Louisiana to join U.S. Climate Alliance, become carbon neutral by 2050

In May 2021, Louisiana Governor John Bel Edwards announced that the longtime oil and gas state will join the U.S. Climate Alliance, a bipartisan coalition of governors committed to reducing greenhouse case emissions and supporting the Paris Climate Agreement.

“Together, Louisiana and other Alliance states are demonstrating that there are different ways to decarbonize and that this can be done in a way that is balanced, implementable, and effective,” said Governor Edwards in a statement announcing the move.  Louisiana is the first and, so far, only Gulf Coast state to join the Alliance.

The announcement comes less than a year after Governor Edwards signed an executive order creating Louisiana’s first-ever Climate Initiatives Task Force, a diverse group of industry leaders and stakeholders who will study and propose measures to reduce greenhouse gas emissions.  Their goal is to reduce greenhouse gas emissions by 40-50% by the year 2030—and to net zero by the year 2050.  The Task Force’s proposal is due in February 2022.

According to a recent greenhouse gas inventory by Dr. David Dismukes of the LSU Center for Energy Studies, Louisiana produced 216.96 million metric tons of carbon dioxide and carbon-equivalent gases in 2018.  That was a sharp decline from the year 2000 figure of 242 metric tons—but an increase from 2005, when the state produced 215.17 million metric tons of carbon emissions.  In 2018, industrial sources produced 62% of Louisiana’s greenhouse gas emissions.  For that same year, industry-based emissions for the entire United States were only 22%.

The Louisiana Mid-Continent Oil and Gas Association (LMOGA) initially expressed support for the Governor’s initiative.  “[T]his task force allows our state to show the world that energy production and environmental stewardship go hand in hand,” said LMOGA Vice President Lori Leblanc.  “Through the efforts of this task force and the actions of LMOGA members, Louisiana can become a leader in climate change solutions.”  LMOGA President Tyler Gray later stated that energy production and carbon neutrality were not mutually exclusive.  He and other industry leaders are lobbying for the use of mitigating techniques, like carbon capture, and a slower transition away from fossil fuels.  Gray is a member of the Governor’s Task Force.

Changing Energy Trends in Louisiana

Louisiana is one of the nation’s top five producers of natural gas.  In 2020, the state accounted for 9% of the total marketed gas production in the United States.  Louisiana’s 17 oil refineries account for nearly 20% of the nation’s refining capacity and can produce approximately 3.4 million barrels of crude oil per day.  In 2020, Louisiana shipped out nearly 55% of the country’s total liquefied natural gas exports.  At the same time, Louisiana’s energy-intensive chemical, petroleum, and natural gas industries have made it the fifth-largest carbon-producing state.  Louisiana also has the highest per capita residential sector electricity consumption in the nation.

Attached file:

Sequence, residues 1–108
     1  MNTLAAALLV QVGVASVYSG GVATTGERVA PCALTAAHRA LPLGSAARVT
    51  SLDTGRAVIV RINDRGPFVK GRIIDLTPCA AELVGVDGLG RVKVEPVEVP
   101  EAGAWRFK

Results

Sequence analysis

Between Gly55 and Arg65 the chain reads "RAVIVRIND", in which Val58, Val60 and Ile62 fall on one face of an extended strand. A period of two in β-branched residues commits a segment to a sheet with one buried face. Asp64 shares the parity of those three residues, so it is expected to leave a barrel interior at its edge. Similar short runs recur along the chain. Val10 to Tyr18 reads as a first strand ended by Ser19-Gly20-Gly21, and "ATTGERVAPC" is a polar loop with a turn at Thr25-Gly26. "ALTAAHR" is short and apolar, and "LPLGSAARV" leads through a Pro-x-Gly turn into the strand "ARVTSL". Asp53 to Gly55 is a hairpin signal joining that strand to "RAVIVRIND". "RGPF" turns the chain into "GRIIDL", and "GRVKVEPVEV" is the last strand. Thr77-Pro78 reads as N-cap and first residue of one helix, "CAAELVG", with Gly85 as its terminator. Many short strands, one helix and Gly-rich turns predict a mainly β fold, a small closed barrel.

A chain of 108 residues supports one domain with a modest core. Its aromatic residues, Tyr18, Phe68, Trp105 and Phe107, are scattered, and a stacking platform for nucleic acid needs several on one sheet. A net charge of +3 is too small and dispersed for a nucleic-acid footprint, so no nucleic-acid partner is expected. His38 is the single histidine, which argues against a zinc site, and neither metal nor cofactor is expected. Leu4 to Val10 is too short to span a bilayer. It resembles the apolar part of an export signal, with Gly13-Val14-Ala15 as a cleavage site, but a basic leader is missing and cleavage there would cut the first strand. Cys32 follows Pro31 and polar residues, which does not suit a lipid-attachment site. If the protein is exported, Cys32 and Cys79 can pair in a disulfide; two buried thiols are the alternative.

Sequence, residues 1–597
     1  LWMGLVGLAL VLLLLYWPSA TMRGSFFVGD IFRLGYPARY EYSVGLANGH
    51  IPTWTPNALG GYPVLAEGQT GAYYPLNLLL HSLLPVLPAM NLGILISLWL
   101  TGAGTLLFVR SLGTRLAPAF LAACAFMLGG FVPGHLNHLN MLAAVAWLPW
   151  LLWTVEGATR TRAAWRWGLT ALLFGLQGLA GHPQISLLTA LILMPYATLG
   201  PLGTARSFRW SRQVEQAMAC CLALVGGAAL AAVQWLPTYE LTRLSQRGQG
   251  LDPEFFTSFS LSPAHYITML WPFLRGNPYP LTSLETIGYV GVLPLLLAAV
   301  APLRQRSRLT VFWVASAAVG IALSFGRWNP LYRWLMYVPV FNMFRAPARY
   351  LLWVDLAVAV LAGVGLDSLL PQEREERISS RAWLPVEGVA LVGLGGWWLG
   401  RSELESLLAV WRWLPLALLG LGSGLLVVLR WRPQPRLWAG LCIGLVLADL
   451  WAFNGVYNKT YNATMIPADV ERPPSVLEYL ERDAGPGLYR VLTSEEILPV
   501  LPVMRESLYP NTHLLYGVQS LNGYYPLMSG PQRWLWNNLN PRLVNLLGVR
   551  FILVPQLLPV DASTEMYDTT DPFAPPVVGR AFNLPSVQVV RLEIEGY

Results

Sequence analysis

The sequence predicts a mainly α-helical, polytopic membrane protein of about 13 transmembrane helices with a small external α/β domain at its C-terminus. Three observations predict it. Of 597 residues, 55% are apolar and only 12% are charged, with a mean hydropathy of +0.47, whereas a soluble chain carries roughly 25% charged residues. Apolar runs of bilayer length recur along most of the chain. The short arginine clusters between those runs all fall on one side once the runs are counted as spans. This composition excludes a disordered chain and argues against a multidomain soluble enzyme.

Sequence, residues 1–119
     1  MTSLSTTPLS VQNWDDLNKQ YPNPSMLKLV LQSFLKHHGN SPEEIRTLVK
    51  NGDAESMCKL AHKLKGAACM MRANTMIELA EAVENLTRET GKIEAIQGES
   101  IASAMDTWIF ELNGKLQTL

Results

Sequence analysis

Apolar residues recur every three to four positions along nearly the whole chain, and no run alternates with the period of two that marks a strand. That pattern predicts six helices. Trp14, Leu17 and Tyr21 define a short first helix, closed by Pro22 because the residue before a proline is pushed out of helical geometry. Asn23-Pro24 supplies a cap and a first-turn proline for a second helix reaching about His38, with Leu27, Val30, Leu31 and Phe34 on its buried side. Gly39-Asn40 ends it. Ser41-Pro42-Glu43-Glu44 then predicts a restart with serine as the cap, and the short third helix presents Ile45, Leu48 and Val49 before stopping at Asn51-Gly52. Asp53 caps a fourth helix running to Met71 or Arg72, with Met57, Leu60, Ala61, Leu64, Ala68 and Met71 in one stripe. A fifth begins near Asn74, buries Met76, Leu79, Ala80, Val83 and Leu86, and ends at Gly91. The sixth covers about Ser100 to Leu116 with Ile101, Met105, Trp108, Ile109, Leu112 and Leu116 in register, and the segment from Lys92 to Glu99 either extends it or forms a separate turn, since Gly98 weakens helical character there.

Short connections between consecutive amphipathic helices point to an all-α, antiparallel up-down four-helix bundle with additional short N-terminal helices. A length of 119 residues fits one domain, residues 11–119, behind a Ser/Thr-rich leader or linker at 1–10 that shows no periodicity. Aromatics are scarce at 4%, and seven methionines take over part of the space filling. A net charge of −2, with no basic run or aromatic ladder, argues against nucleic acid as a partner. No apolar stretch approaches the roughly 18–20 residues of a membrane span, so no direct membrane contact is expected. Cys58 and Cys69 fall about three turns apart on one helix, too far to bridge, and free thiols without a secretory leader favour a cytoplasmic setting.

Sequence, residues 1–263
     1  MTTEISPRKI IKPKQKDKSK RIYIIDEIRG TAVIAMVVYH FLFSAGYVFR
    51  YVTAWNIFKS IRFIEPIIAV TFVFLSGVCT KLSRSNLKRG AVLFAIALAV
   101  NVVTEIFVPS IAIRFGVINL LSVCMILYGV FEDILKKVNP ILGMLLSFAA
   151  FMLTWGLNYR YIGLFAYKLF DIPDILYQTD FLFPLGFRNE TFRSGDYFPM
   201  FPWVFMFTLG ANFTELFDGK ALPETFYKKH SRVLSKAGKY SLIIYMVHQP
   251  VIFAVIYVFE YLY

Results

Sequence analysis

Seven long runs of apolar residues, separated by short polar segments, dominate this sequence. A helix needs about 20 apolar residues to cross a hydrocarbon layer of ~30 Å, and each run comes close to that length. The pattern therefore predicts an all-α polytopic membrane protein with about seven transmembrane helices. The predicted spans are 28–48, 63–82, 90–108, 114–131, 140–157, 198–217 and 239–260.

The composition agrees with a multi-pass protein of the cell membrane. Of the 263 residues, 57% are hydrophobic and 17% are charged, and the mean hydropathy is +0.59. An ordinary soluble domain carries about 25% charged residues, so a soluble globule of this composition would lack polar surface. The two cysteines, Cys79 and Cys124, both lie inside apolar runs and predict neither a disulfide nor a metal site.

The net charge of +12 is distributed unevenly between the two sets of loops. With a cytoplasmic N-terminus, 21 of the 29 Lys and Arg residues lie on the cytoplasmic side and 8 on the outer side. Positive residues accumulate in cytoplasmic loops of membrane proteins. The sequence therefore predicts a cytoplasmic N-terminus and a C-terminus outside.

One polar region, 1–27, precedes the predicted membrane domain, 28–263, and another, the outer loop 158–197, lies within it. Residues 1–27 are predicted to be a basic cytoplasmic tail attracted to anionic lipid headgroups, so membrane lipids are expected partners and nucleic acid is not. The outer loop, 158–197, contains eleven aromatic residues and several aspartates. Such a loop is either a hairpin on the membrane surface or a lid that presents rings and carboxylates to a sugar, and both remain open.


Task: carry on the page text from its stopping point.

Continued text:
Historically Louisiana has provided its oil and gas industry with tax breaks and other incentives.  Yet less than 20% of the state’s gross domestic product comes from oil and gas, down from 40% in the 1980s.  Notably, in November 2020, Shell announced that it was closing its refinery in Convent, Louisiana after the producer failed to find a buyer for the idle facility.

Only 4% of Louisiana’s total energy production currently comes from renewable sources.  But Governor Edwards hopes to change that.  Shortly after establishing the Task Force, the Governor announced an initiative to create “a blueprint for renewable energy production in the Gulf of Mexico.”  The Governor also requested that the Bureau of Ocean Energy Management begin coordinating lease proposals for wind energy in federal waters off the coast of Louisiana.

“[L]ouisiana’s offshore oil and gas industry has played a key role in the early development of U.S. offshore wind energy in the Atlantic Ocean,” said Governor Edwards.  Several Louisiana-based companies have already capitalized on this trend and helped develop the nation’s first commercial offshore wind farm, off the coast of Rhode Island.  Large renewable-energy companies are eyeing investments in Louisiana.  For example, GE’s LM Wind Power is currently developing the world’s largest wind turbine blades just outside of New Orleans.  NuQuest Energy is planning utility-scale solar farms and carbon sequestration facilities outside of Baton Rouge.  The company’s founders include several oil and gas executives hoping to leverage their experience to capitalize on Louisiana’s transition into renewable energy production.  There are also several major biofuel plants in development in West Baton Rouge, Iberia, and Caldwell Parishes.

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